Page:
For the Rent!
A couple of years ago I decided that I’d try to make my hobby work for me and, over the past 2 seasons, I’ve made a (very) humble success out of it. What started off in 2010 as a few scattered guided rides for people visiting the south of France, has – as of a couple weeks ago, officially – turned into a proper business of the same guided rides, as well as week-long tours, both fully supported and guided, and self-guided. I even have a partner, John, who is a strong rider, fluent French speaker AND a master of spreadsheets. In short, a keeper.
Here are a few clients who found their way to France this year and helped make ‘work’ not all that tough at all.
Shoko and I started our year cat-sitting in Paris, which is about as good as cat-sitting can get, I imagine. Our friends’ apartment is steps from Notre Dame, the bum of which you can see in the background below. Mats, may you never use up all your 9 lives!
In March, for my birthday, we went to Nice to see the final stages of Paris-Nice, a major early-season pro race. Here is eventual Tour de France winner, Olympic champion and all-round cycling God this year, Bradley Wiggins (yes, winning this race, too).
I like this photo of me, striking a masculine pose on the Promenade des Anglais. The reality, however, is that I am suffering from what turned out to be one of my famous 2-day hangovers. I have my leg up on the railing to stop myself from falling over.
Sprinters on the Promenade.
In June we flew to Istanbul for a few days and had a most excellent time of it, I have to say. The city was very vegetarian friendly for one, so Shoko immediately felt at home. It’s also a city of immense history and, unlike most of Europe, you can see stuff from very early Christianity. I found it fascinating to visit churches from the 5th century because the oldest we have where we live are 500 years newer. The building below is a bit newer than that, but no less interesting, being the terminus of the original Orient Express.
Beer Break: Istanbul also has beer, which always helps a place endear itself to me.
In October I made a trip back to Canada to learn how to fix bikes and visit my family. This might have been even more stressful than my big races, since I’m not the most mechanically minded person out there and I knew there was a test to pass. In the end it wasn’t too terrible and I even learned a few things I might actually remember (e.g. there is not such thing as too much grease).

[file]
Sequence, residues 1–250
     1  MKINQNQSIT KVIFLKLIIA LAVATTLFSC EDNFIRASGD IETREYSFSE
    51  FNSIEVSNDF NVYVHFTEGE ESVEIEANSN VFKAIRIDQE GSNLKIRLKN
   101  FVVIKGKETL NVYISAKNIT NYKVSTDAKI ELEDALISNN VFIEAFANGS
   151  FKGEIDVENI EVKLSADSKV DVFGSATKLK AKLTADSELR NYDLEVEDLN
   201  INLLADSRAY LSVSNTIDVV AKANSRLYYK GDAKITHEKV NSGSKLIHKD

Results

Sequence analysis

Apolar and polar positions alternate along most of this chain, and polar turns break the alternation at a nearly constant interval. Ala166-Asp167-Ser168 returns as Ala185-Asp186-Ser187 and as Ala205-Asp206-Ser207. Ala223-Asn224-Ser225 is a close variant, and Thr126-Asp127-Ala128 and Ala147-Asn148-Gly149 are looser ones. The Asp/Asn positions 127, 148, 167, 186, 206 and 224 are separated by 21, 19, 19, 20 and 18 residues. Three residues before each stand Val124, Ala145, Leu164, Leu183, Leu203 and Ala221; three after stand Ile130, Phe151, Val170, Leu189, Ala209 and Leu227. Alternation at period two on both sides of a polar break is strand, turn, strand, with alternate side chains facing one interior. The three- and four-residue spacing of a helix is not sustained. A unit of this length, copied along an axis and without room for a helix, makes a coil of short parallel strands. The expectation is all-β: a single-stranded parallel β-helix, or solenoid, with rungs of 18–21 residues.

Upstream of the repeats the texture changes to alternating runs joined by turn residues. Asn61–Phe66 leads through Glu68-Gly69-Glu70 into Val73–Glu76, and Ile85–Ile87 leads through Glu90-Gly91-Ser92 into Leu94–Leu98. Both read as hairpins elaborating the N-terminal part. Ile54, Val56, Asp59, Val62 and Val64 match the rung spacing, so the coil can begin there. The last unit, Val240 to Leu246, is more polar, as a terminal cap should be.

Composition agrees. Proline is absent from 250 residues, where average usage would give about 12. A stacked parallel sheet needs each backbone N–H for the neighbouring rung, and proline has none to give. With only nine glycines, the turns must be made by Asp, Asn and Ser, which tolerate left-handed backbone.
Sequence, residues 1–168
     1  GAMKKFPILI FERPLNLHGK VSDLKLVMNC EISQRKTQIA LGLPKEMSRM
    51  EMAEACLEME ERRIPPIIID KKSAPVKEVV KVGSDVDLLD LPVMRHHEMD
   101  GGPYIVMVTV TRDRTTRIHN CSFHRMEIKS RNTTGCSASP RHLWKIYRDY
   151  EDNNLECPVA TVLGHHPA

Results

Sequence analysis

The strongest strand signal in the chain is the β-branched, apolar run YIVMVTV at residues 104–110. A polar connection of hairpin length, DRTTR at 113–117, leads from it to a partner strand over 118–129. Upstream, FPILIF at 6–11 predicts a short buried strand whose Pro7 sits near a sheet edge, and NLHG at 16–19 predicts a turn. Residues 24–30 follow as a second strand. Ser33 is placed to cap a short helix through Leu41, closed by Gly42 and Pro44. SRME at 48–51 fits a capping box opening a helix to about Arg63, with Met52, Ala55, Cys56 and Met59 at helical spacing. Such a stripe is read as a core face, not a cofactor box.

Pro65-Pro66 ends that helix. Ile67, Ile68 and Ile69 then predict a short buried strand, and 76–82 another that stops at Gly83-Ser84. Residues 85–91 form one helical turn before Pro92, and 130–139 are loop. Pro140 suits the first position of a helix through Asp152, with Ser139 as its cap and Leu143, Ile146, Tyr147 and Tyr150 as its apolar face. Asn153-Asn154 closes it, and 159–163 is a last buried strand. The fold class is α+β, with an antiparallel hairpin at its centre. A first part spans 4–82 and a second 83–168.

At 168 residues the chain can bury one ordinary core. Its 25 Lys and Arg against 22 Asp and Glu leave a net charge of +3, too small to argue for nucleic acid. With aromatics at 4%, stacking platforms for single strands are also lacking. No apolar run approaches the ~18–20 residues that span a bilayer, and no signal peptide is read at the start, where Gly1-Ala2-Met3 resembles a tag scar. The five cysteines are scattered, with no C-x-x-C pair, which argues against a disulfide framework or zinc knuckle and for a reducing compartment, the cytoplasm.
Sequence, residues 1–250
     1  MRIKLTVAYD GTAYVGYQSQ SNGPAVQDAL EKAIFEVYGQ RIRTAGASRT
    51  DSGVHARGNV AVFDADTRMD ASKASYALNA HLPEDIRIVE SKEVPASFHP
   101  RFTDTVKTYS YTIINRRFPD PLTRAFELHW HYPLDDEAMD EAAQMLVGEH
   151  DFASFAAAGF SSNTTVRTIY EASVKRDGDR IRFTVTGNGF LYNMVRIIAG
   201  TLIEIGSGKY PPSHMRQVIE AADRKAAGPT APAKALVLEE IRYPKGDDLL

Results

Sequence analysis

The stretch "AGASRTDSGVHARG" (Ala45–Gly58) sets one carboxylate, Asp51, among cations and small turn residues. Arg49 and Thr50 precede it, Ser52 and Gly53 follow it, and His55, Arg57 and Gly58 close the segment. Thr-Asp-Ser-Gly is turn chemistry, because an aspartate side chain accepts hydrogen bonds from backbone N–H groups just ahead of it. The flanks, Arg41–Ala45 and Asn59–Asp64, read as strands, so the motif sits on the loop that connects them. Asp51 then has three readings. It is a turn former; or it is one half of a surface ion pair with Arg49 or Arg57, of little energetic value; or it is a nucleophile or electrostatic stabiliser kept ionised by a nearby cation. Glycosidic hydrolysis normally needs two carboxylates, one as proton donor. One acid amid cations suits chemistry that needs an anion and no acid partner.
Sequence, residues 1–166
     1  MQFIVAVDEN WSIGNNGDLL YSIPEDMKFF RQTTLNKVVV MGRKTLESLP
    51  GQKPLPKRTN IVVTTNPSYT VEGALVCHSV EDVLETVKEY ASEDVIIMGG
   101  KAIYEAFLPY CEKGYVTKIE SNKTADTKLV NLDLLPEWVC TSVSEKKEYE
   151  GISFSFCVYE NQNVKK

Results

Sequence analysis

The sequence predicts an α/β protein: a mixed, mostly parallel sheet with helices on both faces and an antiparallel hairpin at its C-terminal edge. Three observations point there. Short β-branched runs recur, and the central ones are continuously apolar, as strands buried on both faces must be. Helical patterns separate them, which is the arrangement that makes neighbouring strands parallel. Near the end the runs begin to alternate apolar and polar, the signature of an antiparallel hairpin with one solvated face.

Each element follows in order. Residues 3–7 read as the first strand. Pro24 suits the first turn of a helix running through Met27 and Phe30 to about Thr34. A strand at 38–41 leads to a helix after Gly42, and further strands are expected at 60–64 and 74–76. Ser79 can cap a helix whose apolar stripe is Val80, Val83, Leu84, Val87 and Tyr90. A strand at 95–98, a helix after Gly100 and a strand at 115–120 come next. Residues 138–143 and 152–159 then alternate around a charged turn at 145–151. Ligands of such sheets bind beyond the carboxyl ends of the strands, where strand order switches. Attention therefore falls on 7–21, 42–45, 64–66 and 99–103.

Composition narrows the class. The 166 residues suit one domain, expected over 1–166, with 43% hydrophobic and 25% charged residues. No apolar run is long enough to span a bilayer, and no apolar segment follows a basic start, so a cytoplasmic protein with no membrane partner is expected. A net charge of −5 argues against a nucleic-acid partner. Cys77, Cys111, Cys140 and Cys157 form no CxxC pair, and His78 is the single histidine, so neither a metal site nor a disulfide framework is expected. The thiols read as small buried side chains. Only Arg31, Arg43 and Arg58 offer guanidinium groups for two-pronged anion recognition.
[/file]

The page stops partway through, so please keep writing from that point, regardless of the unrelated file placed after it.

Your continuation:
Our final getaway for the year was just last week. We’ve had a motorcycle for nearly 4 years now an I’d been hoping to take a Christmas trip every year. Finally the weather cooperated and I quickly checked the meteo to see where the warmest place was in a 400 km radius of home. The winner – Barcelona.
As has been the case every year we’ve been in France, visitors graced us with their presence (I won’t ask if it’s us or the Mediterranean, but I think I know the answer…).
First up were Greg and Mariette, my older brother and belle soeur Québecoise. Other than a Canada-cold day at the Viaduc de Millau, they had decent weather.
Next we had an all-too-short visit from our old Norwegian neighbors, Chris and Seema. They are wine importers, so they’ll be back again. Next time, let’s do lunch!
It’s Contemporary. It’s Complicated.
Shoko is in her 3rd year at the Ecole des Beaux Arts now and starting to work on her own projects a little more. She’s been experimenting with ‘space’ mostly, I think, but trying her hand at a bunch of things I won’t pretend to understand. Here are a few examples of what she has gotten her hands dirty doing this school year.
In Next Year’s Episode…
2013 will see me hit 45 years old, which is as good a time as any to ride the ‘Highest and Toughest Cyclosportive in the World‘. Training has already begun for this week-long giant of a race and I’m more than a little excited/apprehensive about it. Luckily, I’ve got a team – ‘Team Vicious Cycle‘ – to share in my suffering, including my 56 year old (or is it 57 yet, Rob..?) coach and step-brother. If I only write about the Haute Route in next year’s wrap-up, you’ll know it was epic.
Cycling Languedoc already has two tours booked for 2013, which I’ll have to find a way to fit into my training schedule.
Finally, Shoko tells me we are going to Venice for an art extravaganza of some sort. I hope they have beer…
For those of you who made it this far, I commend you on your endurance. Happy New Year and may you all have a (sorry in advance for the ‘corn’ which is coming) purrrfect 2013!